Side corridor of lounge and a peek view of the docks.

Good Faith Clauses

26 February 2013

There is no general doctrine of good faith in English law and it is not therefore implied into contracts.

Nevertheless, express good faith clauses sometimes appear in bespoke construction contracts, PFI concessions and some forms of standard construction contracts, particularly NEC3.

However, rarely do these provisions have any teeth and they are often interpreted very narrowly by the courts. The recent High Court decision in Compass Group UK and Ireland Ltd (trading as Medirest) v Mid Essex Hospital Services NHS Trust [2012] EWHC 781 (QB) was therefore somewhat unexpected. 

In this case, the court found that a duty to act in good faith contained in a public sector hospital catering contract had been breached. The contract incorporated a mechanism that enabled deductions to be made from service payments in the event of performance failures by Medirest. The court found the way in which the Trust had calculated the performance deductions to be absurd and its failure to respond to Medirest's attempts to resolve the dispute were a breach of the duty to act in good faith.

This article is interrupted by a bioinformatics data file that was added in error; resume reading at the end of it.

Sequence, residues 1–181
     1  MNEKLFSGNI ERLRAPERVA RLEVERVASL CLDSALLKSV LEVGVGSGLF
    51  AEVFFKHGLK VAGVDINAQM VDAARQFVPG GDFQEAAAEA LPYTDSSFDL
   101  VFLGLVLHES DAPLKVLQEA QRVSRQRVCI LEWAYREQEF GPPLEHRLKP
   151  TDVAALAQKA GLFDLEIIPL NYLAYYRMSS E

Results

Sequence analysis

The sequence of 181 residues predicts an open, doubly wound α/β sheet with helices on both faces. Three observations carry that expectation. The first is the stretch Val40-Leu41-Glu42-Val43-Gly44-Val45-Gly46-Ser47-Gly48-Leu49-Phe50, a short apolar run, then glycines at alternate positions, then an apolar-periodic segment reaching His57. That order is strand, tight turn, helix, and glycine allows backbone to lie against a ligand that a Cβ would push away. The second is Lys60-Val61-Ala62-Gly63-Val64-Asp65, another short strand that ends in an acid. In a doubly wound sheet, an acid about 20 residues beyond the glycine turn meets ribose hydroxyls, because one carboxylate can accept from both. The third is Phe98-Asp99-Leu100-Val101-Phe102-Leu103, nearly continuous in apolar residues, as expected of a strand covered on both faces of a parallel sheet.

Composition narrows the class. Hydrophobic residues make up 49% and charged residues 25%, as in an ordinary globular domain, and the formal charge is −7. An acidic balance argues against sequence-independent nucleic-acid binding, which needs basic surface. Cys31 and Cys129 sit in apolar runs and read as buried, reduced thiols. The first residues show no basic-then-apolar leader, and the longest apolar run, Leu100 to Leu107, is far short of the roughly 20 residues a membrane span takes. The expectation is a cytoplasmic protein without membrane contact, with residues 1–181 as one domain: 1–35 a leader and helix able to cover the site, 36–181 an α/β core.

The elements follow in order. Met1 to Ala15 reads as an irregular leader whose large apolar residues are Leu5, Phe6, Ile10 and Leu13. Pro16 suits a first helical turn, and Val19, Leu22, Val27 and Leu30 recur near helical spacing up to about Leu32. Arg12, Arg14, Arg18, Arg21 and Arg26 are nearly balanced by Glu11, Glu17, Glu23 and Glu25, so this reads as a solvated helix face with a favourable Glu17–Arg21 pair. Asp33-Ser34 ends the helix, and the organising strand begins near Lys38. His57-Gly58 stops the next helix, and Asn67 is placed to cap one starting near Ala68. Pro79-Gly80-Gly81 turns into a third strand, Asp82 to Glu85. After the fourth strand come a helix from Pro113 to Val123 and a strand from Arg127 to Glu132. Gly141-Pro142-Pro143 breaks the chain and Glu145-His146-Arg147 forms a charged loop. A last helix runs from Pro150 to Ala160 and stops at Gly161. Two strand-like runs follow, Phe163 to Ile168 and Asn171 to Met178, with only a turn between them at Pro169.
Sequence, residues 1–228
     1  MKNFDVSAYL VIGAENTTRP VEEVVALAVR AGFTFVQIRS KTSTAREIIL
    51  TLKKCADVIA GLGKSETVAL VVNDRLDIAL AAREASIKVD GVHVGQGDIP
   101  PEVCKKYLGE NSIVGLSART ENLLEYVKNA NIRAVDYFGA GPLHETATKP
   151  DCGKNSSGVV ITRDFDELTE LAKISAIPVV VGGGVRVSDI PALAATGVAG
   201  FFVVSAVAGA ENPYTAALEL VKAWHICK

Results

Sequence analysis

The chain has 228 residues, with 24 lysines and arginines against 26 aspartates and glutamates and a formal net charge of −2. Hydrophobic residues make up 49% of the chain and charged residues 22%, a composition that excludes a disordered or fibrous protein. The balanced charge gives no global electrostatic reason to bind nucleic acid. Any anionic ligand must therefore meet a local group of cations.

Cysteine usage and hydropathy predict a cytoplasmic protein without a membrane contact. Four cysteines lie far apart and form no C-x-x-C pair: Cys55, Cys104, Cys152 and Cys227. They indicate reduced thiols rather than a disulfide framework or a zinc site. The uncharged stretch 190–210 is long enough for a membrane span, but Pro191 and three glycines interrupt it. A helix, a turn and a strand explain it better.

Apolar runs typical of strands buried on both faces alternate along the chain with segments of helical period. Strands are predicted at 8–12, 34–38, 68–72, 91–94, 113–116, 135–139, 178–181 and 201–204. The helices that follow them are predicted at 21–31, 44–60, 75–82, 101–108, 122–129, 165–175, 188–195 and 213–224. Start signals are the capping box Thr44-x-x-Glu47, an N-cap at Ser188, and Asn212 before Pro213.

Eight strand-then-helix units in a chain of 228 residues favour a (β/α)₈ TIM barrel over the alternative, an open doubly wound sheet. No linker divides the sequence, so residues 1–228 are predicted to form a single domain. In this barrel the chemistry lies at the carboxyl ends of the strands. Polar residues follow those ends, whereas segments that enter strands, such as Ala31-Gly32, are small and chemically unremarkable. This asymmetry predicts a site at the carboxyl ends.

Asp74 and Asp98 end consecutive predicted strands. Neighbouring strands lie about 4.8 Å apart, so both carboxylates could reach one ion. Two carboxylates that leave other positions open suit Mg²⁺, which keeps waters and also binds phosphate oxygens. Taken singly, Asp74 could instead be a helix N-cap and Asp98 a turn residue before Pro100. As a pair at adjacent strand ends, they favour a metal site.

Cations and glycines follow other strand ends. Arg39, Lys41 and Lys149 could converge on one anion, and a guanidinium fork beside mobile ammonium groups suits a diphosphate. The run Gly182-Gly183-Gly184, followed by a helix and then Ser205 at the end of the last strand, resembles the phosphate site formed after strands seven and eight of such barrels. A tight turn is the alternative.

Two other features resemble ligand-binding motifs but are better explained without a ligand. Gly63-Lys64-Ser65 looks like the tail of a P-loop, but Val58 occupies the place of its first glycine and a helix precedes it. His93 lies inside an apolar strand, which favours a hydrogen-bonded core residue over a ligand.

Nonetheless, whilst Medirest was entitled to terminate the contract in accordance with an express termination provision, the Trust was also entitled to terminate the contract due to Medirest's accumulation of the relevant number of service failure points within a certain period. Therefore, neither party could succeed in their claims for post-termination losses.

The court favoured a broad interpretation of the duty to act in good faith on the grounds that the parties had entered into a long-term contract for the delivery of food and other services within a hospital, the performance of which required continuous and detailed co-operation between the parties. Indeed, the fact that the contract related to the provision of services to members of the public and hospital patients is likely to have had considerable bearing on the court's decision.

Care should therefore be taken when seeking to apply the principles of this decision. For example, the duty to act in good faith is unlikely to counter the strict time bars relating to notifications of Compensation Events and other process-driven requirements in NEC3 contracts. Nonetheless, there are often other contractual provisions which can be deployed to bring about the "right outcome", not least, in relation to disproportionate service failure calculations, perhaps unenforceable if the deduction could be construed as a penalty.